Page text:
When the World Is Running Down, You Rank All the Police Albums
Sting, to whom the years have been excessively kind, at Smart Financial Centre in February
Photo by Jack Gorman
2017 marks the 10th anniversary of the Police Reunion Tour (which rolled through Houston in July of that year). It's odd sometimes to think about how the trio consting of Sting, Stewart Copeland, and Andy Summers went from pop-punk obscurity — playing in front of a literal handful of people at dates on their first tour — to being arguably the biggest band in the word in the span of six short years. The group released a mere five albums in that period, seven fewer than Sting as a solo artist, yet each one is memorable in its own right.
But some are more memorable than others. And while your humble writer considers the Police one of his favorite acts, and bears a great amount of affection for each of their releases, these are harsh times demanding action to cut through the hesitation and gridlock that plague our country. Seeing as how no one has yet decided to rank the group's output (not that I bothered to check), I decided to take a stab at it.
Some notes on methodology...there isn't any. Albums don't lose points for having a stupid title, because most of them were pretty dumb. "Best Songs" refers to the songs I prefer, while "Worst Songs"...well, you get the idea. The number assigned for "ASS Factor" refers to the offensiveness of that album's Andy Summers Song(s), which only had significant results for one album.
Now before I lose my nerve as I've done from the start, let's get cracking. It's not like we're between Scylla and Charybdis here.
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5. Outlandos d'Amour (1978)
What The Stupid Title Allegedly Means: "Outlaws of Love"
Best Song(s): "So Lonely," "Can't Stand Losing You"
Worst Song(s): "Born in the '50s"
ASS Factor: (5) "Be My Girl - Sally" — The individual song equivalent of "The Be Sharps": it's witty at first, but seems less funny each time you hear it.
The thing about the Police's so-called "worst" album is, it's still pretty good! The pop-punk sound balances the reggae influences nicely, and while there are some goofy entries, "So Lonely" and "CSLY" are still spin-worthy. That said, "Born in the '50s" is as self-consciously obnoxious as anything Billy Joel ever wrote.
4. Reggatta de Blanc (1979)
What The Stupid Title Means: "White Reggae," though I think "White Boat Race" works just as well.
Best Song(s): "Message in a Bottle," "Walking on the Moon"
Worst Song(s): "Contact"
ASS Factor: (0) Though two of the Stewart Copeland-penned tracks ("On Any Other Day" and "Does Everyone Stare") are pretty Summers-esque if you squint your ears.
Don't worry, we're not totally going in reverse-chronological order or anything. Again, RdB is a solid effort. Not to pick on Summers, but Copeland's goofiness works better (and Sting actually puts effort in for "Does Everyone Stare"). The band were in a crunch to record, however, so there's lots of recycled material here. Still worth a listen, and "Message" remains one of the GOATs.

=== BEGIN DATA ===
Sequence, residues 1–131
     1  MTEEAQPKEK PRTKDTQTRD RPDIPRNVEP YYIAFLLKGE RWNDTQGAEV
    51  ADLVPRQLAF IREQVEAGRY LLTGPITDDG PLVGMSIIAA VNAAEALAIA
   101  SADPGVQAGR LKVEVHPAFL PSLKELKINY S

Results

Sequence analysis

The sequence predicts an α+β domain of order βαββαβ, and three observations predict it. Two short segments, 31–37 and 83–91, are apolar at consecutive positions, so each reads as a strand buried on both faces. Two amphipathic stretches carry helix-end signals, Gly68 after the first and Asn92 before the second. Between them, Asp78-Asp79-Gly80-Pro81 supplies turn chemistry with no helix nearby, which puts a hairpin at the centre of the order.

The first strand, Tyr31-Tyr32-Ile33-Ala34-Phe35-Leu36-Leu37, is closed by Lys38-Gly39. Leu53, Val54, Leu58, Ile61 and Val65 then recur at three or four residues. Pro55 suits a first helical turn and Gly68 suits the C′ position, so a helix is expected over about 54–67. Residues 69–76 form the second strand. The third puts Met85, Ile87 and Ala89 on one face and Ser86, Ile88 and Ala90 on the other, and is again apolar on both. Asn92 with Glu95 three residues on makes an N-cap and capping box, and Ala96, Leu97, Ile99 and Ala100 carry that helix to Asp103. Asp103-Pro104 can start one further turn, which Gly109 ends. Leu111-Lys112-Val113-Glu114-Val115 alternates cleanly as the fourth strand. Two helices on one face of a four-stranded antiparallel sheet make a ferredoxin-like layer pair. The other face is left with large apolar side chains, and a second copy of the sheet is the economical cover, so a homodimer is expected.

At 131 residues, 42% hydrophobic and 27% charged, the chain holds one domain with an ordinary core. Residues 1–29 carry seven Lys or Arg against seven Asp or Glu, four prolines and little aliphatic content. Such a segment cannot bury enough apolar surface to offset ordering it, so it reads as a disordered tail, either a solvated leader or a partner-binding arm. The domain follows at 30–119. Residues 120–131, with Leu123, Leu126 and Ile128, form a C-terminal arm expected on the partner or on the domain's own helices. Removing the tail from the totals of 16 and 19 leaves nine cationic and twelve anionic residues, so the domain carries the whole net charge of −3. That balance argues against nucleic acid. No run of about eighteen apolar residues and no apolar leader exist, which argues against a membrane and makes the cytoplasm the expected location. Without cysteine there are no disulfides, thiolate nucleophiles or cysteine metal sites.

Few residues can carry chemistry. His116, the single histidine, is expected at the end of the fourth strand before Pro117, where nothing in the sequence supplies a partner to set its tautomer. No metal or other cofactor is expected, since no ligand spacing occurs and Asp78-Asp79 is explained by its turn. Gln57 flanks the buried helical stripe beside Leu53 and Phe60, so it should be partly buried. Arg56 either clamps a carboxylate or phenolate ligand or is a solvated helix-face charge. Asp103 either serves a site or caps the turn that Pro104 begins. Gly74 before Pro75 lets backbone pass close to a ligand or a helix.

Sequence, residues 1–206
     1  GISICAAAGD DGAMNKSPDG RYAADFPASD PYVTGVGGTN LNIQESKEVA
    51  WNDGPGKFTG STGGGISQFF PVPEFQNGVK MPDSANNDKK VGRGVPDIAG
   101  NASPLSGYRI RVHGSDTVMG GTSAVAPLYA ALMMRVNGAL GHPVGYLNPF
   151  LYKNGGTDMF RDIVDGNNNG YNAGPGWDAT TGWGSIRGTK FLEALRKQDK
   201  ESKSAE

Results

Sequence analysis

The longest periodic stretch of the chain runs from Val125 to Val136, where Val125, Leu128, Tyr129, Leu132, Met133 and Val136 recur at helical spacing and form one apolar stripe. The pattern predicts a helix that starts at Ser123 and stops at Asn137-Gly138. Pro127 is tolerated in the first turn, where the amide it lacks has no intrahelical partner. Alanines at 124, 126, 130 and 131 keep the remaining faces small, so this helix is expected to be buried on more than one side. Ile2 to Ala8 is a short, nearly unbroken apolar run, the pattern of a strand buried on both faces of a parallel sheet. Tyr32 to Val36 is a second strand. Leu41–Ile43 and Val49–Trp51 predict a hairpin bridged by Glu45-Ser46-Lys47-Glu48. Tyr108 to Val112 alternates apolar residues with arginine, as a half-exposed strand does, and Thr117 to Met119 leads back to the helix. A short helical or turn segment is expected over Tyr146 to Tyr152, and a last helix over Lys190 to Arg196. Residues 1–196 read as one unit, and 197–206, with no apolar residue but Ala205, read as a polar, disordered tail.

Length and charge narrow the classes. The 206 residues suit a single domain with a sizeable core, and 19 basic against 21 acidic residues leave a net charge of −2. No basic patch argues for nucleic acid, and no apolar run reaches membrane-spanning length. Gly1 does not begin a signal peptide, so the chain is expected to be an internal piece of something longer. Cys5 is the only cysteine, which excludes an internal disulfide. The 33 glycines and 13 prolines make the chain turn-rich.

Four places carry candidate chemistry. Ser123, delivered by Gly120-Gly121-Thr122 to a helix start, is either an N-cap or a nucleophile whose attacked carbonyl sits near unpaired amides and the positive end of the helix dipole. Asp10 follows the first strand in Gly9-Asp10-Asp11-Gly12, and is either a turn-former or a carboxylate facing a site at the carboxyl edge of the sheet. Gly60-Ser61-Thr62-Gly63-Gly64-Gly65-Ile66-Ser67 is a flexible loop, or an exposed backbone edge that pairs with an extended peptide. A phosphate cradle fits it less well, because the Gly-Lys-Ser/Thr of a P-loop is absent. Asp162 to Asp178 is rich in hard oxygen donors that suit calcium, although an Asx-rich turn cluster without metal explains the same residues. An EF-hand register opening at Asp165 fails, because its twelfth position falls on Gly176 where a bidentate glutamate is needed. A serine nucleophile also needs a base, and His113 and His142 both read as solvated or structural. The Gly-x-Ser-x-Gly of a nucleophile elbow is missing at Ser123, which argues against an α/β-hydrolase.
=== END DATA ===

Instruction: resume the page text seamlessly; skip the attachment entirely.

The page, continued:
3. Synchronicity (1983)
What The Stupid Title Means: Arthur Koestler reference, plus a side of Carl Jung.
Best Song(s): "Synchronicity II," "Wrapped Around Your Finger"
Worst Song(s): see below, also "Walking in Your Footsteps" and "King of Pain."
ASS Factor: (10) Synchronicity makes a strong claim for best Police album until "Mother" kicks in. I remain half-convinced it was this, and not personality feuds with Copeland, that led Sting to break up the band.
Well, that and his monstrous ego. This may be perceived as a bit of an upset, I guess. When Synchronicity is great, as it often is (both versions of the title cut, "Every Breath You Take"), it's nigh unstoppable. The filler here is decidedly less satisfying, however, and the ponderous leanings of Sting's coming solo career is hinted at in "Walking in Your Footsteps" and "King of Pain."
2. Zenyatta Mondatta (1980)
What The Stupid Title Means: Just "syllables that sound good together," according to Copeland.
Best Song(s): "Driven to Tears," "Man in a Suitcase"
Worst Song(s): "Voices Inside My Head"
ASS Factor: (6) "Behind My Camel" was famously hated by the other members of the band (Sting refused to play on the track), but it won a Grammy. For comparison's sake, that was the same year the execrable "Elvira" by the Oak Ridge Boys won Best Country Performance by a Duo or Group with Vocal.
The first Police album I ever bought, and still one of my favorites. I was taken in not just by the first hints of political leaning in their lyrics ("Driven to Tears," "Bombs Away") and "Man in a Suitcase," which is just fun as hell. That just leaves...
1. Ghost in the Machine (1981)
What The Stupid Title Means: Sting was a biiig Koestler guy.
Best Song(s): "Every Little Thing She Does Is Magic," "Invisible Sun"
Worst Song(s): "Hungry for You (J'aurais toujours faim de toi)"
ASS Factor: (1) "Omegaman" is actually pretty goddamn good.
More serious-minded (without sounding pretentious) yet still a bouncy, exhilarating listen ("Every Little Thing" succeeding in spite of its tortured background and production). There's a melancholy here that sounds more organic and unforced than the songs in their next album and manages to overcome Sting's less successful efforts ("One World (Not Three)," "Too Much Information"). Ladies and gentlemen, the Ghost has the most.
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